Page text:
Carissa Moore was the stand-out surfer of 2021, winning the inaugural women’s Olympic surfing gold medal as well as her fifth world championship.

She has been nominated for the Laureus World Action Sports Award, along with Brazil’s Iģtalo Ferreira, who won the first-ever men’s Olympic gold.

Other Nominees are: Spain’s speed climber Alberto Gineģs; Japan’s Yuto Horigome, the first winner of an Olympic skateboarding gold medal; Momiji Nishiya, at 13 years 267 days winner of the first gold medal in women’s street skateboarding; and Britain’s Bethany Shriever, the first woman to win both Olympic and World Championship BMX gold medals in the same year.

Each year the Laureus Sport for Good Award recognises a community sports-based programme that has helped to improve the lives of young people and bring communities together.

Five inspirational and transformational programmes have been shortlisted by a specialist selection panel.

Ich will da rauf
© Laureus / Getty

Ich will da rauf! (‘I want to get up there!’) in Germany brings together able-bodied and disabled young people through climbing to eradicate the barriers to normal life for disabled youth. 

JucaĢ Pe CagnaĢ in Sanita, Italy provides safe places and a positive environment for young people to play sports and find ways to better education and opportunities in a community where organised crime is a part of everyday life.

In Lesotho, a country ravaged by AIDS, over 250,000 young people have participated in Kick4Life, which uses football to educate and encourage young people to understand and get tested for this debilitating disease.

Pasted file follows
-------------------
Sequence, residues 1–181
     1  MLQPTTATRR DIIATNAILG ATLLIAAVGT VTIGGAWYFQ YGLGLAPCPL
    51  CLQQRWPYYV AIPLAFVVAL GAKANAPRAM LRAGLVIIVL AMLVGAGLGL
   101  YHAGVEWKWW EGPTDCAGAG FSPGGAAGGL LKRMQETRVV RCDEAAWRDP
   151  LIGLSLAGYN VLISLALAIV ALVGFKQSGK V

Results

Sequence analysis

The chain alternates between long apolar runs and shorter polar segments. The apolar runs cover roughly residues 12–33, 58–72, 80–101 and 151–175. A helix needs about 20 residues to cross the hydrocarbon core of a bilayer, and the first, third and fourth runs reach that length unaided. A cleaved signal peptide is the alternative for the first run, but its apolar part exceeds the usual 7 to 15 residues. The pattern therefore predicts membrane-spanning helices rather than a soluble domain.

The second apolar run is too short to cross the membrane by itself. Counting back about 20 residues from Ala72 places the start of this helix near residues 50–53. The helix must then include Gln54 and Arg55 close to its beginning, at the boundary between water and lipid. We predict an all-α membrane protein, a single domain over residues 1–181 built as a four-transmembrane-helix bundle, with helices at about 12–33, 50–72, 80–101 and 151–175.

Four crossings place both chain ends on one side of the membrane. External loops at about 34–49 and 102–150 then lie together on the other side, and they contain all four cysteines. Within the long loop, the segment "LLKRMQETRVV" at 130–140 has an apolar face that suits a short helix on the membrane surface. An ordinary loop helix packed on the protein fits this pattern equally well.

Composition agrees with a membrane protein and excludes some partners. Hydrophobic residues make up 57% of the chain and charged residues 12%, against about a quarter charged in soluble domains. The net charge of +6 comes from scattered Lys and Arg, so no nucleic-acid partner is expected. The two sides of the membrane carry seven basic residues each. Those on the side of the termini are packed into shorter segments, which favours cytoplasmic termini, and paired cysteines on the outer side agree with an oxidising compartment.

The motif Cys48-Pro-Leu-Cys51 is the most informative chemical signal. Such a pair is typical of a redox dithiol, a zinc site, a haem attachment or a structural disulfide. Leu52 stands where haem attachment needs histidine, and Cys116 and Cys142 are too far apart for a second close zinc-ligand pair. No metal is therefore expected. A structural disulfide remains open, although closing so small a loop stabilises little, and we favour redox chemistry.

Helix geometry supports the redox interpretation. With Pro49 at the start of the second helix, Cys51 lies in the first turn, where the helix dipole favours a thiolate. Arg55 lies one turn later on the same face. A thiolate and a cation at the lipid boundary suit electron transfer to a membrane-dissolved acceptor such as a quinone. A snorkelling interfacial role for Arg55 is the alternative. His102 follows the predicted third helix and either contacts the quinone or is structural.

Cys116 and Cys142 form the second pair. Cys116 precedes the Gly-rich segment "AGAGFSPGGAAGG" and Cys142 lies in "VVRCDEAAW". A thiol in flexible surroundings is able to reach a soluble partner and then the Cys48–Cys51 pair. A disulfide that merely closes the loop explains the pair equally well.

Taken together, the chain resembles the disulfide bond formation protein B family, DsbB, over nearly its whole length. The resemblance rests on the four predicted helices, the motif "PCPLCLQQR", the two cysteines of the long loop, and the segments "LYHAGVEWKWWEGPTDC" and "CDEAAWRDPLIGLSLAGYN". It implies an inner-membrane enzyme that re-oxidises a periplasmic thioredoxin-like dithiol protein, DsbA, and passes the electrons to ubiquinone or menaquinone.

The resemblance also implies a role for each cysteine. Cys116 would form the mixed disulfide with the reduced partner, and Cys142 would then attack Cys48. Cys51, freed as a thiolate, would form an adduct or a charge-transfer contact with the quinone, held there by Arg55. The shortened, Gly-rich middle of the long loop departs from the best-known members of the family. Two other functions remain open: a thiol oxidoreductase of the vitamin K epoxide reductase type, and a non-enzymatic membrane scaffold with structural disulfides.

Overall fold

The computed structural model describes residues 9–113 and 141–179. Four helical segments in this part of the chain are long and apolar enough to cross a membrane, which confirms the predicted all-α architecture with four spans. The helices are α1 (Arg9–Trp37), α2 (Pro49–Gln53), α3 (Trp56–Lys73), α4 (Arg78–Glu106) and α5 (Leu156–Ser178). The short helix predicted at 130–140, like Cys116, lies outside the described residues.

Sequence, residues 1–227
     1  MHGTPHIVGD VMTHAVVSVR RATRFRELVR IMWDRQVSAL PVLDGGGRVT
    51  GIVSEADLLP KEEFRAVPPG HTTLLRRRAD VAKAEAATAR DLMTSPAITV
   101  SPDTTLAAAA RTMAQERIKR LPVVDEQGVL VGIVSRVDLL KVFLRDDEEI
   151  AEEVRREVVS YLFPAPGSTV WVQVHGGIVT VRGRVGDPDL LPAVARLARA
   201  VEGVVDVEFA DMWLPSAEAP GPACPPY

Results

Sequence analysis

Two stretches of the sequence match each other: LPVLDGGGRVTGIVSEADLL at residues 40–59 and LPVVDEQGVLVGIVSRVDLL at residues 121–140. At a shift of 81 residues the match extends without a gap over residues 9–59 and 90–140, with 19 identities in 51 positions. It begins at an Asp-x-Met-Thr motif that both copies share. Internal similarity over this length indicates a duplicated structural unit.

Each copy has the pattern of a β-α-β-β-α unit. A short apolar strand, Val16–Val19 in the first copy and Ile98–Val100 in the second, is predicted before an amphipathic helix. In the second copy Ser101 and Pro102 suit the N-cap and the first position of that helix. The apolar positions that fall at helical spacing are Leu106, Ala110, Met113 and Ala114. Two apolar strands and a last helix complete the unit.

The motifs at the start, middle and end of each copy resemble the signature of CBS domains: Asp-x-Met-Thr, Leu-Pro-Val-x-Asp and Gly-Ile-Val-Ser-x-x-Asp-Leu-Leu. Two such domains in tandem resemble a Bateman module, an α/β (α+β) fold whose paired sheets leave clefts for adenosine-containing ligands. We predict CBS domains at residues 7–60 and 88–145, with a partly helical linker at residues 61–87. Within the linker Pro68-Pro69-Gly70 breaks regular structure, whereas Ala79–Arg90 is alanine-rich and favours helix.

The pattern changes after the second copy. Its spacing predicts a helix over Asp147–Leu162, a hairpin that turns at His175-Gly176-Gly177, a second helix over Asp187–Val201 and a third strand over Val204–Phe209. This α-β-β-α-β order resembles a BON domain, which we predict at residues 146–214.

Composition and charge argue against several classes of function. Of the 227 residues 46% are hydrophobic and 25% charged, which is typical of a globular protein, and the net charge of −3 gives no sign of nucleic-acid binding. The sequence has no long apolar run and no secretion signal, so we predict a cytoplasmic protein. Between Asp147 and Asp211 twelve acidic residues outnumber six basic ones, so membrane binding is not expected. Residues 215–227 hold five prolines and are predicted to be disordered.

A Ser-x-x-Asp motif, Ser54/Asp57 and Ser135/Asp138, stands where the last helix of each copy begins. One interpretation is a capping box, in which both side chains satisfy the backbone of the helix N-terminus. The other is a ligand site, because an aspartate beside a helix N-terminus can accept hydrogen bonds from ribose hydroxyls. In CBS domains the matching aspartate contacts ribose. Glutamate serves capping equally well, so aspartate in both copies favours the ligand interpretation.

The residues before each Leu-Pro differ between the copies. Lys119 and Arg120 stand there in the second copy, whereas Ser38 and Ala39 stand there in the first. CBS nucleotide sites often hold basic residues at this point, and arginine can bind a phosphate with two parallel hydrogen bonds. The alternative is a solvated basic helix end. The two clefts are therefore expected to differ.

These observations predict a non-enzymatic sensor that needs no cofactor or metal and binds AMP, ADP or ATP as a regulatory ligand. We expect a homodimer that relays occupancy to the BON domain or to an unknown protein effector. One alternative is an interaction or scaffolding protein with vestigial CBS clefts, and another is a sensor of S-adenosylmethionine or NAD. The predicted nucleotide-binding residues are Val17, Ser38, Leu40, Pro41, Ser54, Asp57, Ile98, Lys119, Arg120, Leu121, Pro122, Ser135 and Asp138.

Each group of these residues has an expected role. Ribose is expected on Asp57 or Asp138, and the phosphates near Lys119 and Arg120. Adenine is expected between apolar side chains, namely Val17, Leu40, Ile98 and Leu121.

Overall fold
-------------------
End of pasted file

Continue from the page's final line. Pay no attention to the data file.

On the south side of Chicago in the United States, Lost Boyz Inc. uses baseball and softball to bring youth together to overcome the challenges of gang violence and poverty and to build better futures for their community.

Monkey magic249
© Laureus

And in Japan, Monkey Magic, founded by Para climbing legend Koichiro Kobayashi, who went blind at 28, teaches climbing to blind and visually-impaired children to build their confidence and chances in later life.

Due to the ongoing limitations and uncertainty caused by the Covid-19 pandemic, the 2022 Awards will build on the success of Laureus’ 2021 ‘virtual’ Awards.

The showcase event will continue to celebrate the achievement of athletes and the inspirational stories from the world of sport.

The full list of Nominees is:

Laureus world sports awards nominees

Tom Brady 
(USA) American Football – the greatest NFL quarterback, he won a record seventh Super Bowl
Novak Djokovic (Serbia) Tennis – won three Grand Slams in 2021 to take his total of career wins to 20
Caeleb Dressel (USA) Swimming – outstanding male swimmer in Tokyo with five Olympic gold medals
Eliud Kipchoge (Kenya) Athletics – became third person in history to win back-to-back Olympic marathons
Robert Lewandowski (Poland) Football – surpassed Gerd Muller’s record of 40 goals in a season for Bayern
Max Verstappen (Netherlands) Motor Racing – won his first Formula One World Championship in 2021

Ashleigh Barty 
(Australia) Tennis – world No.1, won Wimbledon, her second career Grand Slam
Allyson Felix (USA) Athletics – surpassed Carl Lewis as the most decorated track and field US Olympian
Katie Ledecky (USA) Swimming – won 800 and 1,500 metres freestyle golds in Tokyo, plus two silver medals
Emma McKeon (Australia) Swimming – won four gold and three bronze in Tokyo, the most by an individual
Alexia Putellas (Spain) Football – Barcelona captain; won Ballon d’Or and UEFA Women’s Player of Year
Elaine Thompson-Herah (Jamaica) Athletics – won Olympic 100 and 200 metres and 4x100m relay